For example, one cell culture may begin its growth in a single-use bioreactor before transferring to a stainless-steel bioreactor to complete its processing cycle . This can be a complicated dance, drawing on the principles of quality by design (QbD) and the unique nature of your product pipeline, but getting it right can have an enormous impact on how easily and reliably you navigate this turbulent marketplace.
2. Faster speed-to-market through data-driven process optimization.
Some buzzwords are all air, but “digital transformation”—perhaps the buzziest of them all—has very real substance and will help the animal health industry achieve incredible outcomes in the near future. Already, veterinarians are using big data to improve epidemiology, farmers are benefitting from data-driven breeding programs, and pet owners are tracking their furry friend’s health through all kinds of wearable tech.
Over in the animal drug development and manufacturing industry, these advances are just beginning to find their footing. A few years from now, they’ll be a mainstay; data-driven instrumentation and control mechanisms will be part of every developmental pipeline and crucial to every production process. To get a head start and ensure that your own internal workings are calibrated for the imminent data transformation, here’s what to do.
Understand how your process works.
Like finding the ideal balance between stainless steel and single-use technology, this is about applying a QbD approach to your process architecture—one that reflects your company’s internal drivers.
Data analytics will help you understand your process right down to its atomic parts. Once you do that, you can test and analyze the multivariate factors that impact that process. You have the knowledge you need to design experiments, make improvements, and introduce new technologies, while fully aware of which factors are impacting your product’s quality, and in what way. From this seat of control, you can begin to make a truly meaningful change from the inside out, driving your operations to new efficiencies.
Turn that understanding into action.
Based on what you uncover in that analysis of your process, you can enlist scientific and engineering principles—guided by data-driven insights—to improve your productivity.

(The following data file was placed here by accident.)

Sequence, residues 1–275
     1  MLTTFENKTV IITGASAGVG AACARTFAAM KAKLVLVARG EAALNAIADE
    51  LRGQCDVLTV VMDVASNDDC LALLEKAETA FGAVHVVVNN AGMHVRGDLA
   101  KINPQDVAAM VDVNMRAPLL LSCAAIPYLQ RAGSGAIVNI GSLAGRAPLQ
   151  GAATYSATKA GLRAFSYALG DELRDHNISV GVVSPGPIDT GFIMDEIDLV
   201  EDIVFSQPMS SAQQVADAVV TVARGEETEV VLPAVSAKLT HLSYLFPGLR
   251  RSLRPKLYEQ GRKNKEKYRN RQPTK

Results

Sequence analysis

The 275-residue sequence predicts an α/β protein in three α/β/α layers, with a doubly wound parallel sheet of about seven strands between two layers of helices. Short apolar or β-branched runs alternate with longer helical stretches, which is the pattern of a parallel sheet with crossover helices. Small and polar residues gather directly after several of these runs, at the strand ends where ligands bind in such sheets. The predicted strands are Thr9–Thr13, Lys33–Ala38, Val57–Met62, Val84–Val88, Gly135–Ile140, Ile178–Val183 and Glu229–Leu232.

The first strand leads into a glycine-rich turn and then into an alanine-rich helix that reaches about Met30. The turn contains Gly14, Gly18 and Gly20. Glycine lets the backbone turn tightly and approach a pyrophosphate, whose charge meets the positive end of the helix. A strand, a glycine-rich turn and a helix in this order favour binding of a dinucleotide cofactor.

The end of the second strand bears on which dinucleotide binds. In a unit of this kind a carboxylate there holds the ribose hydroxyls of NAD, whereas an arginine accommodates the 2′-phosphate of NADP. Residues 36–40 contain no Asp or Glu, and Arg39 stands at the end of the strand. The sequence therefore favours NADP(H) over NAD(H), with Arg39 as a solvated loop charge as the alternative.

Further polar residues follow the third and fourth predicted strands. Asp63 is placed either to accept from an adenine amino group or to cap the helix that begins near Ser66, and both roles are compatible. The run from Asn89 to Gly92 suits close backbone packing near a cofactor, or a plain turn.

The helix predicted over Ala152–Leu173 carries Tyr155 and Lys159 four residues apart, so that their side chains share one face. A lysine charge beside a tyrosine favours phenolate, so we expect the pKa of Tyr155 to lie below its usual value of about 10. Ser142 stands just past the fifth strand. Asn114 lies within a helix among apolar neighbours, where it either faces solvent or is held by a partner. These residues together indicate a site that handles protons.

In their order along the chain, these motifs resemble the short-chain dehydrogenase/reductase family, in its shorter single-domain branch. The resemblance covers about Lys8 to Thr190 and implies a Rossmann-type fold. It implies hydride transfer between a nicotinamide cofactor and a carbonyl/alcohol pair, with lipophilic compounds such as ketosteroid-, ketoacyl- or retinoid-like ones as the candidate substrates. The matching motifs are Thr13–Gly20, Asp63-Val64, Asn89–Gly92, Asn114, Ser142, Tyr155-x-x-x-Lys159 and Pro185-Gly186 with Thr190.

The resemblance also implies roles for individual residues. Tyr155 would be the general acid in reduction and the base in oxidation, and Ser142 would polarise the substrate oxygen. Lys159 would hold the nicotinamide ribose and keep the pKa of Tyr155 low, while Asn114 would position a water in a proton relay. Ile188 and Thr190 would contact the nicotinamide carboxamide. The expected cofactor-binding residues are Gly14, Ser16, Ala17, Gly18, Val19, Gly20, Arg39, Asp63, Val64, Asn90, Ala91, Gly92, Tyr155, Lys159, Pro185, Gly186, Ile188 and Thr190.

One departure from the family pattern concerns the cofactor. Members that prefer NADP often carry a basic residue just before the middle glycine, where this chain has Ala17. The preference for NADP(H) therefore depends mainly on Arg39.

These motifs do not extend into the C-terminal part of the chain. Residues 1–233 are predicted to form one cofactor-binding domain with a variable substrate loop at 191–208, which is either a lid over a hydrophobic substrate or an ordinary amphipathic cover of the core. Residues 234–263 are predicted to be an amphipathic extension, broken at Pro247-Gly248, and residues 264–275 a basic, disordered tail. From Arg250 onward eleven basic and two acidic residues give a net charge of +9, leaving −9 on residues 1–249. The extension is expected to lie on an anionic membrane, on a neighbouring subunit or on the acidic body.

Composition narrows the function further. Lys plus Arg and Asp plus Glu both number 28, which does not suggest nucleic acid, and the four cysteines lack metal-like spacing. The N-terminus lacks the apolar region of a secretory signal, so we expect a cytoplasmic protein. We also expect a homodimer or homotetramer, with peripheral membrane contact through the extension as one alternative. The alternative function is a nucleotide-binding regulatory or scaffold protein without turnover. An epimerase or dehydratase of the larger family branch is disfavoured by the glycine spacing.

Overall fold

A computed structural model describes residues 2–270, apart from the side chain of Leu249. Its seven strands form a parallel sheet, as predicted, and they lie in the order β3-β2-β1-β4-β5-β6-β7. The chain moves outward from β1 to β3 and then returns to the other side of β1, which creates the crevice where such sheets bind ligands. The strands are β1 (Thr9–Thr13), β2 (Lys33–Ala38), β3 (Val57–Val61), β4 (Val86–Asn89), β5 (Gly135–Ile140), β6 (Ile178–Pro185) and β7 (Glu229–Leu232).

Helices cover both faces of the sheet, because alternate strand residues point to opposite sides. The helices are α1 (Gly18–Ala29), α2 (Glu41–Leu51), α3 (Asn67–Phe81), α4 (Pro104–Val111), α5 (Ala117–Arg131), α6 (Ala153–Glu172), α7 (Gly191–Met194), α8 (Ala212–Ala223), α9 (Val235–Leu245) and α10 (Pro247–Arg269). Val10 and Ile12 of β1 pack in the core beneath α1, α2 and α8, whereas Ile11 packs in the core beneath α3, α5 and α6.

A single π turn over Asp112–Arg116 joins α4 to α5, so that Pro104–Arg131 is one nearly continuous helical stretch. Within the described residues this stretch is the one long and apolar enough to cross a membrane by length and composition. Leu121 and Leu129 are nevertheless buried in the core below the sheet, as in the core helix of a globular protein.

Take the mixing dynamics inside a bioreactor, for example. Historically, process development teams relied largely on empirical testing to understand how a substance would react to a given environment. Today, computer simulations offer predictive capabilities by allowing teams to model and resolve critical process parameters including, for example, cellular behavior inside a bioreactor. How will a substance respond to the force dynamics of an impeller? What are the distribution dynamics of an acid or nutrient feed introduced from an opening at the top of a bioreactor?
Data generated through these simulations become valuable insights as teams strive to improve the process overall, or develop an efficient, high-yield process for a new product. Simulation can be a real cost-saver, allowing you to explore a wide range of possibilities and variables in a way that’s simply not practical with traditional experimentation.
The same is true in terms of understanding how to improve yield. New instrumentation allows manufacturing teams to measure how much product is generated throughout the fermentation lifecycle; this is an improvement on historic approaches to calculating yield, which may rely on imperfect measurements of cell concentration only. With online monitoring, you know exactly how much product you’re making at any given time, which means you can get more from every batch.
These are just two examples of data “at work” in the manufacturing lifecycle. As technology improves and data analysis becomes more entrenched in everyday decision-making, more examples will emerge, giving innovative and enterprising animal health manufacturers the opportunity to make very interesting things happen—and fast.
3. Greater ROI through innovative drug formulations.